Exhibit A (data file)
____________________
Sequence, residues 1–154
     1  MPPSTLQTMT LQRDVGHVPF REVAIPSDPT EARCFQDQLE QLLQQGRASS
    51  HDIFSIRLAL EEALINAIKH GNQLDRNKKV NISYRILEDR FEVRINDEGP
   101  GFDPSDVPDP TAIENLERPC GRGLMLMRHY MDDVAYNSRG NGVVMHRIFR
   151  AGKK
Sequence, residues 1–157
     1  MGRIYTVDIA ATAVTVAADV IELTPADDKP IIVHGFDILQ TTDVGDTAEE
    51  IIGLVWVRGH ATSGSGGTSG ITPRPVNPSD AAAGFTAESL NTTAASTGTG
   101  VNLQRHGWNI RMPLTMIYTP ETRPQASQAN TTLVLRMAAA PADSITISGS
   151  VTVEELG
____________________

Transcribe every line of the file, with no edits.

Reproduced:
Sequence, residues 1–154
     1  MPPSTLQTMT LQRDVGHVPF REVAIPSDPT EARCFQDQLE QLLQQGRASS
    51  HDIFSIRLAL EEALINAIKH GNQLDRNKKV NISYRILEDR FEVRINDEGP
   101  GFDPSDVPDP TAIENLERPC GRGLMLMRHY MDDVAYNSRG NGVVMHRIFR
   151  AGKK
Sequence, residues 1–157
     1  MGRIYTVDIA ATAVTVAADV IELTPADDKP IIVHGFDILQ TTDVGDTAEE
    51  IIGLVWVRGH ATSGSGGTSG ITPRPVNPSD AAAGFTAESL NTTAASTGTG
   101  VNLQRHGWNI RMPLTMIYTP ETRPQASQAN TTLVLRMAAA PADSITISGS
   151  VTVEELG